Anne Hallum is founder of the Alliance for International
Reforestation and for her work was recently named a “CNN Hero.” Her
daughter, Rachel Hallum-Montes has been planting trees with her mother
since the age of 12 and she is now a sociologist.
In 1991, my nine-year-old daughter Rachel traveled with me to
Guatemala where we were struck by the heartbreaking rural poverty and
mudslides worsened by widespread deforestation. We vividly remember
holding a three-year-old child who was so listless and malnourished he
could scarcely lift his arms. The worry and fatigue on his mother’s
face and the child’s condition affected us both profoundly, despite
Rachel’s relative youth.
This experience led us to found the Alliance for International
Reforestation (AIR). Since 1993 we have worked to establish programs
to teach local communities how to make a living from the land without
destroying life-sustaining forests.
To do this, we plant trees together with crops, a practice called
“agro-forestry.” Through our years of work, we have found that around
70 percent of the indigenous volunteers on our projects have been from
a group that is often overlooked: local women farmers. Working side by
side with them to carefully plant tree seedlings in their fields, we
have learned that these women know best the value trees provide
because they are the ones who hunt for firewood each day.
One “miracle tree” we often use in our projects, the aliso tree, has
nitrogen-fixing roots that fertilize the crops and high-protein leaves
that feed cows and pigs. It grows at an incredible eight inches per
month and can also be topped off for firewood without killing the
In addition to environmental benefits, programs such as these help
promote leadership and individual success. For example, the executive
director of AIR for the past 11 years came to us from Chimaltenango,
Guatemala. Cecilia Ramirez began working with us only as a part-time
secretary, however, her love of and commitment to her country, as well
as her extraordinary organizational skills led to her appointment as
director in 1999. Another associate, Dona Maria de Jesus Colaj Chali,
won an award from the Swiss Foundation for Rural Women for her
leadership in 2000.
The farmers we partner with have revealed countless interconnections
found in conservation work. Planting trees helps improve nutrition,
affords children more time to attend school, safeguards rainforests
from encroachment, helps prevent mudslides, provides animal habitat,
sequesters carbon from the atmosphere, protects water springs, and
much more. We have also seen how women’s direct involvement in
reforestation projects and other environmental activism is connected
to the “care work” that they have performed within the household for
millennia. And these local efforts pay off globally, in a huge way.
Last year, a bipartisan group in the US Congress came together to introduce a
bill called the Global Conservation Act. This proposal would
revolutionize our country’s efforts to help preserve the world’s
remaining natural ecosystems for wildlife species and for the many
indigenous communities that depend on them. One particularly
significant component of the legislation addresses the social
dimensions of conservation by reaching out to the people who are most
adversely impacted by environmental degradation, like women. This can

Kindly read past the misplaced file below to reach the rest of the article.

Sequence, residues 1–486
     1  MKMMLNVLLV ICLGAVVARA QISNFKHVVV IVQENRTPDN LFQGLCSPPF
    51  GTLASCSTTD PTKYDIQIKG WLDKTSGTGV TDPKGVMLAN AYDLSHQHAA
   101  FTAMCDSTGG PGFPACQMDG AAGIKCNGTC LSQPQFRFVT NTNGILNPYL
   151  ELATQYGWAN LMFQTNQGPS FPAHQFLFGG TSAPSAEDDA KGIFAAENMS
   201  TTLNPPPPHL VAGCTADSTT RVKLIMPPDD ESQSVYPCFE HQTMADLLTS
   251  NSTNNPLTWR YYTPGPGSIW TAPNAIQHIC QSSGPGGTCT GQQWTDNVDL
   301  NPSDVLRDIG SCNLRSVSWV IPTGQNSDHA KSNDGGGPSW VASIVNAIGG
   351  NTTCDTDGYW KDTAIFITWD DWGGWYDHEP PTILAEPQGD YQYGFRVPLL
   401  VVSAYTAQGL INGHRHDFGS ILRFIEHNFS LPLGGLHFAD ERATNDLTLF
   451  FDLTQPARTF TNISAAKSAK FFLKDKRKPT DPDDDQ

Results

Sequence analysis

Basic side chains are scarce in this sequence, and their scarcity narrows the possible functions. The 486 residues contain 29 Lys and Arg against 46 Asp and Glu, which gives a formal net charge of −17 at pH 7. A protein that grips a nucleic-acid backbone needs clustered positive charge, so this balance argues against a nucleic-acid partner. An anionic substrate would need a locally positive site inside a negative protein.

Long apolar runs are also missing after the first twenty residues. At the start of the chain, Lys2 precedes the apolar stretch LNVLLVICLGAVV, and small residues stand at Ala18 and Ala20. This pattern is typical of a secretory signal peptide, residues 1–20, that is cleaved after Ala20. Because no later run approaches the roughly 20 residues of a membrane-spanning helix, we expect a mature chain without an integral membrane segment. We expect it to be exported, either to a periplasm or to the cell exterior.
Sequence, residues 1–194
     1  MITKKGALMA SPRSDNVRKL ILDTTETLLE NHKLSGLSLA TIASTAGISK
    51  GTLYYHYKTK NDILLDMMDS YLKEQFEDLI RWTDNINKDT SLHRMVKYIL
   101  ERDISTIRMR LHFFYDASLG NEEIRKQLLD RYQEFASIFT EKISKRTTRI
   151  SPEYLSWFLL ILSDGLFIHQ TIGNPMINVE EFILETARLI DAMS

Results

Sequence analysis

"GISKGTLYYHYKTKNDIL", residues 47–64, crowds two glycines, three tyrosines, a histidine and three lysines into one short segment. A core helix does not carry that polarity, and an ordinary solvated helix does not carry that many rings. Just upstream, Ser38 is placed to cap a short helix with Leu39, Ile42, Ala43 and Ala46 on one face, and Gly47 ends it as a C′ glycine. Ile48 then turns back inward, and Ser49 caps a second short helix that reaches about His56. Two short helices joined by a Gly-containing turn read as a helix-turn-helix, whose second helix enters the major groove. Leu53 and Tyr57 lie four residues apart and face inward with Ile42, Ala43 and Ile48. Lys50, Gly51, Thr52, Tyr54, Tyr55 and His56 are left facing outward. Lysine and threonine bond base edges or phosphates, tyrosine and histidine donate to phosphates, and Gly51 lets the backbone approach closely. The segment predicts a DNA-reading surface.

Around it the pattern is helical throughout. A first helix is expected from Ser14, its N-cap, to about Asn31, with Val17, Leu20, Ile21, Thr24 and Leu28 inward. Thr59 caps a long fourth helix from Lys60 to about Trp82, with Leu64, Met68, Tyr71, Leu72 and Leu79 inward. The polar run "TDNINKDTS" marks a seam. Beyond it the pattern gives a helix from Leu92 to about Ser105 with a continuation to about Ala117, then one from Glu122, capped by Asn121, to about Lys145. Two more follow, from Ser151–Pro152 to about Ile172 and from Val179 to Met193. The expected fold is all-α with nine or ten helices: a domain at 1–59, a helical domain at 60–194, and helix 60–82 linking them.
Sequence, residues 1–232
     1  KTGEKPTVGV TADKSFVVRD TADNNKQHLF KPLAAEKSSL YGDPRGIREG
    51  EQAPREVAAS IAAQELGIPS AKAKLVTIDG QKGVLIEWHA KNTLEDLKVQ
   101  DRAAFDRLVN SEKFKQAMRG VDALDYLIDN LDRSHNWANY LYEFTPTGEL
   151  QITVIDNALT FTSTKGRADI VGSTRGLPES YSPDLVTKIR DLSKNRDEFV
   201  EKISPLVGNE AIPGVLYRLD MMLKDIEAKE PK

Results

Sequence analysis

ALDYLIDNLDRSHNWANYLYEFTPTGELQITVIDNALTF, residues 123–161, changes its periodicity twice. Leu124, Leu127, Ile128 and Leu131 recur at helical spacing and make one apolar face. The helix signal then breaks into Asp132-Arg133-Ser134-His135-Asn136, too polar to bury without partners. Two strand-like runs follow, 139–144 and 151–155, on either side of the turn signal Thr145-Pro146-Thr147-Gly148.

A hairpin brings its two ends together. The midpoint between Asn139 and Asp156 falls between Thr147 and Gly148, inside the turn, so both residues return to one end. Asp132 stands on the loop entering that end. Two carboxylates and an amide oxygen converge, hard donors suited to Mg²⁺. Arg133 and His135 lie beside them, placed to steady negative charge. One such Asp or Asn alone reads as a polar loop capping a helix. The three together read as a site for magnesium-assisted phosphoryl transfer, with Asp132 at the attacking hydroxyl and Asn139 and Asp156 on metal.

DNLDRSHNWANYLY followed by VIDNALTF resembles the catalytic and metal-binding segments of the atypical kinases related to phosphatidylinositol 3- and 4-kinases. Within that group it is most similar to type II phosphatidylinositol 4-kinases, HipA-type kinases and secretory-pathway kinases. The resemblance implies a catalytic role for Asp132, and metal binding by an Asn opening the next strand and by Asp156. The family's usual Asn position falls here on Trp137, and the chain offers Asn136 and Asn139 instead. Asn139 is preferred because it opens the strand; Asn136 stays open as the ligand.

produce long-lasting results.
We saw this first-hand in 2008 during an exciting return visit to one
of our first project sites, the Guatemalan community of Pachay Las
Lomas. The trees AIR and the town’s residents planted in 1994 had
become a beautiful forest. One young woman showing us around looked
familiar; we later realized that we had snapped a picture of her in
the tree nursery with her mother in 1994, when she was a little girl.
Today, she is a young mother herself, with a tree nursery of her own.
And she still uses the same skills AIR first taught to her mother, who
had, in turn, passed them on to her.
The Global Conservation Act truly is an important measure for which
the time has come. Finding ways to better recognize and incorporate
women as key allies in the struggle to protect our environment and
dwindling natural resources is a policy that will pay dividends, both
at home and abroad, for many generations to come. We hope that all
congressional legislators will support this bipartisan initiative.
(02/28/2011) Spanning the entire continent of Africa, including 11 nations, the Great Green Wall (GGW) is an ambitious plan to halt desertification at the Sahara’s southern fringe by employing the low-tech solution of tree planting. While the Great Green Wall was first proposed in the 1980s, the grand eco-scheme is closer to becoming a reality after being approved at an international summit last week in Germany as reported by the Guardian.
(02/25/2011) The Indian government has approved a bold plan to expand and improve the quality of its forests as a part of the nation’s National Action Plan on Climate Change. The reforestation plan, dubbed the National Mission for a Green India (NMGI), will expand forests by five million hectares (over 12 million acres), while improving forests quality on another five million hectares for $10.14 billion (460 billion rupees).
(12/22/2010) 1.5 billion hectares (5.8 million square miles) of land are suitable for forest restoration, according a new analysis by the Global Partnership on Forest Landscape Restoration, a partnership between the World Resources Institute, South Dakota State University, and IUCN.